The David Horowitz Freedom Center has launched the Terrorism Awareness Project to combat the complacency and ignorance about the intentions of the radical Islamists who declared a holy war on the United States and the West on September 11, 2001.
If one thing was clear in the aftermath of the attack, it was this: the terrorists would be back. But the alarms 9/11 set off were soon muted by complacency and self doubt. After overthrowing the Taliban, the U.S. soon returned to the illusion of peace and security and confusion of purpose that had marked the Clinton era, when the Jihad first began to strike against our America. Because of the campaign by the “anti-war” movement, our populace as a whole is ignorant of the threat, doesn’t know the enemy, and is unaware of their true intent, capabilities and resolve. This is especially true of college students who face a daily barrage of anti-war and anti-American propaganda. The Terrorism Awareness Project is designed to make them aware of the threat of jihad and the struggle that lies ahead if this nation is to survive its assault.
The Freedom Center designed the Terrorism Awareness Project to put informative materials about the war on terror into the hands of millions of college students. The Project will identify campus coordinators at U.S. universities and colleges who want to make terrorism a priority at their schools. It will drop flash videos like The Islamic Mein Kampf directly into students’ and faculty members’ email boxes. It is placing a series of ads beginning with “What Americans Need to Know About Jihad” in all the leading college newspapers. It has prepared three pamphlets–The Nazi Roots of Palestinian Nationalism; The Islamic Mein Kampf, and What Every American Needs To Know About Jihad—which will be distributed throughout the university community. All three can be downloaded from the TAP website (www.terrorismawareness.org.)
The path to Hitler’s “final solution to the Jewish question” has branched and deviated since his death, but it’s fundamental principle remains the same.
Antisemitism did not end with WWII, and it’s seen a fresh resurgence in recent years. While some might have you believe that talk of antisemitism is merely a ploy on the part of Jews to divert attention or curry some advantage, the threat it poses cannot be ignored.
In an age of rogue nations armed with WMD, a worldwide Islamic jihad and the resurgence of various hard-left and hard-right militias, how long before someone will successfully enact Hitler’s ‘final solution’?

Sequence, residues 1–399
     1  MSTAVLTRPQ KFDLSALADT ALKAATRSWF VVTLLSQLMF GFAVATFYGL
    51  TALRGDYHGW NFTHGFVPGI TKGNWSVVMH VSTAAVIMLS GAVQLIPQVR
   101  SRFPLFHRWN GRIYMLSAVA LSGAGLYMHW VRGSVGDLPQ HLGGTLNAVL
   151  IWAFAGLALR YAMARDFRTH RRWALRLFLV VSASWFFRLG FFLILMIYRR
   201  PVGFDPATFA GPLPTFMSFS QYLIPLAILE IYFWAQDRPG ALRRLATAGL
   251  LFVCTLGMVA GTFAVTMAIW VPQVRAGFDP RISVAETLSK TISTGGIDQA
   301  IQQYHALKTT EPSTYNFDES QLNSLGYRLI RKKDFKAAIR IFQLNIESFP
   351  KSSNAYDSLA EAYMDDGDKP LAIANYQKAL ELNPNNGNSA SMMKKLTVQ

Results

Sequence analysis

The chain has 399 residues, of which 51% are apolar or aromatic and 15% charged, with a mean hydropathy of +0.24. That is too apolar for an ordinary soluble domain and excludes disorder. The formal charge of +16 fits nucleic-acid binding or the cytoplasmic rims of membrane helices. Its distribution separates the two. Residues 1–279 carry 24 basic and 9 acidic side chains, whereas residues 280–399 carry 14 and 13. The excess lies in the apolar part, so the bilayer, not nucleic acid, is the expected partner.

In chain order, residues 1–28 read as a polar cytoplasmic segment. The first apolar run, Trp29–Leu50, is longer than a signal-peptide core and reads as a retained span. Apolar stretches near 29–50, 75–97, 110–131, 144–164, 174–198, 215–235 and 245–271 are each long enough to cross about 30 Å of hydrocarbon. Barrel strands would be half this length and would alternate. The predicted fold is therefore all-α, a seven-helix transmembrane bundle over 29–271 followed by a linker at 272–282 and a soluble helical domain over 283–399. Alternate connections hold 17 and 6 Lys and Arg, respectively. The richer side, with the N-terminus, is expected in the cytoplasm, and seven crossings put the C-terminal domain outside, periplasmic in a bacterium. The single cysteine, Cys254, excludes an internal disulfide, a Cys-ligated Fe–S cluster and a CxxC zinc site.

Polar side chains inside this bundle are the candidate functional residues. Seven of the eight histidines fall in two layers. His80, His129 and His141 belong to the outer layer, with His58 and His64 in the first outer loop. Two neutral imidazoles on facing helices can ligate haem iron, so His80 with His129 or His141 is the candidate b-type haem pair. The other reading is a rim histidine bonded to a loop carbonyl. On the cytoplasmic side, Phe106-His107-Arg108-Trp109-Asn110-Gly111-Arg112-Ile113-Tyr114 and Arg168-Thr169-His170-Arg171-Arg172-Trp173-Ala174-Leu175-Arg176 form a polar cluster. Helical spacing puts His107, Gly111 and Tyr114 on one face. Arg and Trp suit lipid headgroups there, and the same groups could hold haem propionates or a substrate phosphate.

This video is dedicated to the men and women of the Israeli Defense Forces.
Fitna (Arabic: فِتْنَة) is a 2008 short political film by Dutch parliamentarian Geert Wilders with his view on the religion of the Islam. Approximately 17 minutes in length, the movie shows selected excerpts from Suras of the Qur’an, interspersed with media clips and newspaper cuttings showing or describing acts of violence and/or hatred by Muslims. The film attempts to demonstrate that the Qur’an motivates its followers to hate all who violate Islamic teachings. Consequently, the film argues that Islam encourages—among other things—acts of terrorism, antisemitism, violence against women, violence and subjugation of “infidels” and against homosexuals and Islamic universalism. A large part of the film details the influence of Islam on the Netherlands. The film was published on the internet in 2008. Shortly before its release, its announcement was suspended from its website by the American provider because of the perceived controversy. It stirred a still continuing debate in The Netherlands as well as abroad, and a criminal prosecution.
The Arabic title-word “fitna” means “disagreement and division among people” or a “test of faith in times of trial”. Wilders, a prominent critic of Islam, described the film as “a call to shake off the creeping tyranny of Islamization”.
On 27 March 2008, Fitna was released to the Internet on the video sharing website Liveleak in Dutch and English versions. The following day, Liveleak removed the film from their servers, citing serious threats to their staff. On 30 March, Fitna was restored on Liveleak following a security upgrade, only to be removed again shortly afterwards by Wilders himself because of copyright violations. A second edition was released later.